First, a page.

The practice of elective cesarean sections is a controversial one; many feel a “designer birth” is against sound birthing practices. A growing number of hospitals in England also feels putting medically unnecessary cesarean sections on the public’s tab is not fiscally sound, either.
Budget constraints lead British hospitals to follow Oregon’s lead
A group of hospitals in the American state of Oregon recently announced they were putting a “hard stop” to elective cesarean sections before a full 39 weeks of pregnancy. Those hospitals asserted that delivering a baby earlier than full-term was not medically sound and too costly to allow. A group of hospitals in Great Britain is following suit, according to the Daily Mail. A small number of hospitals that are part of the National Health Service, the public health care service of Britain, are no longer going to fund any cesarean sections that aren’t being performed for medical reasons. Critics say NHS hospitals banning medically unnecessary c-sections interferes with the right to choose birthing methods. However, NHS officials counter that asking the public to fund unnecessary major surgeries is unfair.
Much more expensive than traditional birth
According to USA Today, the cost of a c-section was 75 percent higher than a vaginal birth in 2008. In 2003, according to BizJournals.com, the U.S. Agency for Health care Research and Quality found the average cost of a c-section without complications was $11,524, compared with $6,239 for a vaginal birth without complications. The same relationship between costs is true for Britain. The typical cesarean section in an NHS hospital cost the NHS 2,600 pounds. A vaginal birth costs the NHS 1,200 pounds. Studies by economists found that reducing the number of NHS-funded elective c-sections by just 1 percent would save Britain 5.6 million pounds per year. The NHS is having 20 billion pounds cut from its annual budget over the next four years, according to The Guardian. One-quarter of births in the U.K. are via c-section, compared to 9 percent in 1980. The World Health Organization has voiced concern in recent years over the high number of c-sections, and has stated that no more than 15 percent of births should be by c-section in developed countries.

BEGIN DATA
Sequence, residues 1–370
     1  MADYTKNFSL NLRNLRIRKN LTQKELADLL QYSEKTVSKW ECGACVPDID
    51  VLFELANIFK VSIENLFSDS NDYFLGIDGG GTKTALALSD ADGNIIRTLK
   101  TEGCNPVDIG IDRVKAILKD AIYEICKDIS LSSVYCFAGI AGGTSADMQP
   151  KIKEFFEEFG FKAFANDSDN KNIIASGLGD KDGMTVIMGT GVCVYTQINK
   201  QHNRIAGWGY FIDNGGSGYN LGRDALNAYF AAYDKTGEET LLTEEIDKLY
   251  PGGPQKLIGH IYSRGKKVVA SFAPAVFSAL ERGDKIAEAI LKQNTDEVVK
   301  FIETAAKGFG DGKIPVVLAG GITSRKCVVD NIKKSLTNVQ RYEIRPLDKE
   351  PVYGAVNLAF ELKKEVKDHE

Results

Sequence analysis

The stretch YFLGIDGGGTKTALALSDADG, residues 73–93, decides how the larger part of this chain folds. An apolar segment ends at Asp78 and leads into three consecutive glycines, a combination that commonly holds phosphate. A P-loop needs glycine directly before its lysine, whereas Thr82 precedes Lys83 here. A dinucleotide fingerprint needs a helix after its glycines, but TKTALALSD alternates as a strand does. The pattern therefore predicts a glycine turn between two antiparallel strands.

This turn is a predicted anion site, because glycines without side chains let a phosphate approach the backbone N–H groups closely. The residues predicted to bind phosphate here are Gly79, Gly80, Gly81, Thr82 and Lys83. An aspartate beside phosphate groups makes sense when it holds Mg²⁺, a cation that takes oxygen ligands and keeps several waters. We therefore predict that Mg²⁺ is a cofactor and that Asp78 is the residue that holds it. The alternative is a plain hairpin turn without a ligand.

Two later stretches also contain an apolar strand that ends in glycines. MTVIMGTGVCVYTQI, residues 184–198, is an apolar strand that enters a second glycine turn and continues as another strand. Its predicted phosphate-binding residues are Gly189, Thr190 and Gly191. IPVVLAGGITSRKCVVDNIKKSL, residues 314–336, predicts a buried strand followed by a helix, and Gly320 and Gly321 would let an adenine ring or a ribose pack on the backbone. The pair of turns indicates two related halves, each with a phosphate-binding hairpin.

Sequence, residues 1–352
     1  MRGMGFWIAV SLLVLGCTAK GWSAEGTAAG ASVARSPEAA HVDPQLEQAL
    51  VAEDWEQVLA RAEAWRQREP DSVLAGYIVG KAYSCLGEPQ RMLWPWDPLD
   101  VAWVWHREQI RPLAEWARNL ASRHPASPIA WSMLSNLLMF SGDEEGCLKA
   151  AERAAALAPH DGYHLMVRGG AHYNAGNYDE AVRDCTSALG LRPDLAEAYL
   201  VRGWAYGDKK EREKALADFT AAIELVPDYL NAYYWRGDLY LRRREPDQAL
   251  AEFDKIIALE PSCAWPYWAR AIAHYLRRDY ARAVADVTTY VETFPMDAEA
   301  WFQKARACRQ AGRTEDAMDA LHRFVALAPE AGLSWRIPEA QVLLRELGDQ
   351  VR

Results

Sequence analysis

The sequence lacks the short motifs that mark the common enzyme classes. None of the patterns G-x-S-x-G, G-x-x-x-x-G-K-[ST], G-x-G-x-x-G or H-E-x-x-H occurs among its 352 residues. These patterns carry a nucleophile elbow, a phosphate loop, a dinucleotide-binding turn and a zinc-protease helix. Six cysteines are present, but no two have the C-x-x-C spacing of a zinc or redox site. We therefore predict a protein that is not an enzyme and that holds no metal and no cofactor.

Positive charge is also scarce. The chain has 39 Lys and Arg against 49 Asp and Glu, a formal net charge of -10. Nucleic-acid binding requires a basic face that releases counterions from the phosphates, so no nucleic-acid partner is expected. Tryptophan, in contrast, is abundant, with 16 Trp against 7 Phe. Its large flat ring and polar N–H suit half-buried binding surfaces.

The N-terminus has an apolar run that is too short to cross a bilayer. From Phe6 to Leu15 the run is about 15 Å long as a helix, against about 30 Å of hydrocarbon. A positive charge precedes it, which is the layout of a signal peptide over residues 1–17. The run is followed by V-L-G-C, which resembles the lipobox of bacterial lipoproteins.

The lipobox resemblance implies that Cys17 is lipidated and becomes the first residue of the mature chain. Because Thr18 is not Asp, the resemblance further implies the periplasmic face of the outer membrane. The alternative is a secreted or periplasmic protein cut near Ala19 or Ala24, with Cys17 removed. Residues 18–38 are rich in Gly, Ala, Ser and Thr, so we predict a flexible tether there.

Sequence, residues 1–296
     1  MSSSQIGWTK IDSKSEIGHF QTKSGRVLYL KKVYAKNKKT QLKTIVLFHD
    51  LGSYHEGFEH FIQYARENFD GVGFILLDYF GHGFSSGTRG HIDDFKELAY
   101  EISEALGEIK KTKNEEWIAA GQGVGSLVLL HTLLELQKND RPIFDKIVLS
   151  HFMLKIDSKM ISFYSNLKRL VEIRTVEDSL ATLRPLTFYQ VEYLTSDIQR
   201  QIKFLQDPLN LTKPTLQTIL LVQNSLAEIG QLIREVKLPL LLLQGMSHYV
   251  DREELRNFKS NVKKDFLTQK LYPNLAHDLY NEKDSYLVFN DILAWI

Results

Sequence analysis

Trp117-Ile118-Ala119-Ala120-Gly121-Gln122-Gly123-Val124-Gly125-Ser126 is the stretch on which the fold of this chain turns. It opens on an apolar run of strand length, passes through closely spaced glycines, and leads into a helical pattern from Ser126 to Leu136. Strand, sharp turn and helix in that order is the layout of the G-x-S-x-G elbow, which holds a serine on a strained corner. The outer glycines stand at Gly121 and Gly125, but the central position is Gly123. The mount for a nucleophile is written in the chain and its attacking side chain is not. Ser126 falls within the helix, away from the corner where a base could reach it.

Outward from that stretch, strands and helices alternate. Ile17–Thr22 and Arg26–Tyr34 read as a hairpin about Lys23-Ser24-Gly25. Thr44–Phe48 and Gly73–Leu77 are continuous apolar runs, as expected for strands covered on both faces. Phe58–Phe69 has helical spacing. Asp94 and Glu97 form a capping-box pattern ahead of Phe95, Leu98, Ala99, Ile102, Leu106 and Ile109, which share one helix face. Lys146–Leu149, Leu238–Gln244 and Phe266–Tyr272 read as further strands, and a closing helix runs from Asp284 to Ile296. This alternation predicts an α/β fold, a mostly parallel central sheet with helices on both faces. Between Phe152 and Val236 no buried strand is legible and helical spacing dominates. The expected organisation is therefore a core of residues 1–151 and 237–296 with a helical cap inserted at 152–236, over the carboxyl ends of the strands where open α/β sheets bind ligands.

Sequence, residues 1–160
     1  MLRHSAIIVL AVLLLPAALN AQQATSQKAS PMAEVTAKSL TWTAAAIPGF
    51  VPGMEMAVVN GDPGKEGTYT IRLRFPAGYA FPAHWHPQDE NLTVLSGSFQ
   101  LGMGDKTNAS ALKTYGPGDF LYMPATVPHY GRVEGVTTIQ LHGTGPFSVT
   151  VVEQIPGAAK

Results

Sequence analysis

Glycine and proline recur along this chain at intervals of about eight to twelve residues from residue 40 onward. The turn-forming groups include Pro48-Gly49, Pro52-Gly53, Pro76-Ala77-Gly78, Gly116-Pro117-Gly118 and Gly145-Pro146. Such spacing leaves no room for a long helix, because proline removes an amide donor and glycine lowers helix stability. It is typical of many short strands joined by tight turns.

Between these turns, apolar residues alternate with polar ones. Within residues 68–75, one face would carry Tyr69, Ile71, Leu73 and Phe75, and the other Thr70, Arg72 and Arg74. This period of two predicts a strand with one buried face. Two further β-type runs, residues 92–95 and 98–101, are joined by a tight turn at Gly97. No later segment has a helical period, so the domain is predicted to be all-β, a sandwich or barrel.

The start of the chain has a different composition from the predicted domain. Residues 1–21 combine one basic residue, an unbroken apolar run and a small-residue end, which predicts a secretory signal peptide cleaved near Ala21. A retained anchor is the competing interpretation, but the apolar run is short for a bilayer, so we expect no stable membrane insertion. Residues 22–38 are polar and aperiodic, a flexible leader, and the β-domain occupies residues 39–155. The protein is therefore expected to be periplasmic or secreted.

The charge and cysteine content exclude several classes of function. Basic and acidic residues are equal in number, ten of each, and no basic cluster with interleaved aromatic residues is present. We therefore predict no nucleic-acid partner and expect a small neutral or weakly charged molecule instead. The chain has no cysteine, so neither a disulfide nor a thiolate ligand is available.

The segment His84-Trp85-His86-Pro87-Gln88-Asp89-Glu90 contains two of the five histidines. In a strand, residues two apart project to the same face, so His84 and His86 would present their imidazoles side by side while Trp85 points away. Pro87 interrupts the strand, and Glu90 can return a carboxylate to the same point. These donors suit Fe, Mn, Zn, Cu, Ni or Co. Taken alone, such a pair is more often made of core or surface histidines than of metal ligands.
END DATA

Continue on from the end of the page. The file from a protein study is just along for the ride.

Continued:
One of the controversial aspects of cesarean sections has to do with subsequent pregnancies and births. Once a mother undergoes a c-section, the risks of a uterine rupture during a vaginal birth after a c-section, or VBAC, are thought to be greater. According to WebMD, there is a less than 5 percent risk of a uterine tear during a VBAC, and according to Kansas.com, website for the Wichita Eagle, the risk is closer to 1 or 2 percent. Between 60 and 80 percent of VBACs are successful. However, fewer doctors are allowing them, as the rate of VBACs among women who have previously undergone a c-section fell from 28 percent in 1996 to 8.5 percent in 2006. Multiple c-sections put women at higher risk of infections, hemorrhaging and increases the chances of needing a hysterectomy.
Daily Mail: http://www.dailymail.co.uk/femail/article-2028443/Hospitals-ban-pregnant-women-having-c-sections-cost-cutting-move.html
USA Today: http://www.usatoday.com/news/health/2008-01-07-csections_N.htm
The Guardian: http://www.guardian.co.uk/society/2011/aug/18/nhs-waiting-times-soar-cuts
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